In the autumn after she learned to speak, Keller stayed at Fern Quarry, where she wrote a story called “The Frost King.” After she sent this story to the director of the Perkins Institution, who had it published in one of the Institution reports, she was horrified to discover that it closely resembled a story called “The Frost Fairies” by Margaret T. Canby, which had been published before Keller was born. A plagiarism investigation at the Perkins Institution was inconclusive, but the mystery was finally solved by Sullivan, with help from Alexander Graham Bell. They discovered that Mrs. Hopkins had read the story to Keller during her summer on Cape Cod. Keller must have remembered the plot, as well as many of the phrases, and unintentionally reproduced them. Despite support from many people, including the author, Margaret T. Canby, who wrote a kind letter to her, Keller was deeply concerned for a long time afterward that the thoughts she expressed in writing and even in conversation might not be her own. To restore her confidence, Sullivan persuaded her to write a brief story about her own life for the Youth’s Companion. Keller struggled with this, but persevered and later wrote that she must have had “a prophetic vision of the good that would come of the undertaking.”
In 1893, Keller spent three weeks at the World’s Fair with Sullivan and Alexander Graham Bell. She had special permission to touch the exhibits and was thrilled by the chance to experience a myriad of cultures about which she had only read before. Keller says that this is the point in her life when she moved from a childish love of toys and fairy tales to an adult appreciation of the world. After this, she began to study in earnest, keeping to a regular schedule and attending first the Wright-Humason School in New York, then the Cambridge School for Young Ladies, where she was prepared for Radcliffe.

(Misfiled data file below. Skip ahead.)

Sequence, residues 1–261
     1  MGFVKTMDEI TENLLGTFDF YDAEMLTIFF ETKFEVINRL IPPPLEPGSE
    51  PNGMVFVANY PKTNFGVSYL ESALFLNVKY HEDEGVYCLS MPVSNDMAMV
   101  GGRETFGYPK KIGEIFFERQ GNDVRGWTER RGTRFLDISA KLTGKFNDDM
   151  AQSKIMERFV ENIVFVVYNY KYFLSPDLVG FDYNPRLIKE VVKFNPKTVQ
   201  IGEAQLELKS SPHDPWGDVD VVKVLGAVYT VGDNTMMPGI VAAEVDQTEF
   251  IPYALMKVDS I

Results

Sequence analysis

Keller matriculated at Radcliffe in 1900. She quickly found that her romantic ideas about college as an intellectual paradise were not realized. Paradoxically, she found, one was too busy studying to have time to think. Nonetheless, she enjoyed the experience, apart from the examinations.
The final three chapters of the book deal with three of the most important influences on Keller’s life: her reading, her love of the countryside, and her friends. She devotes one chapter to each, beginning with the books she has loved since she was a child and how reading has allowed her to forget her disability. Literature, she says, is her utopia. She then stipulates that, however much she has loved books, they have not been her only pleasure. She loves being outdoors in the countryside, swimming, rowing, canoeing, or sailing. Finally, she has been fortunate to have wonderful friends and to have conversed with many men of genius, such as Dr. Oliver Wendell Holmes, John Greenleaf Whittier, Mark Twain, and Dr. Alexander Graham Bell, whom she first met when she was six. It is these people who have made the story of her life and “turned my limitations into beautiful privileges.”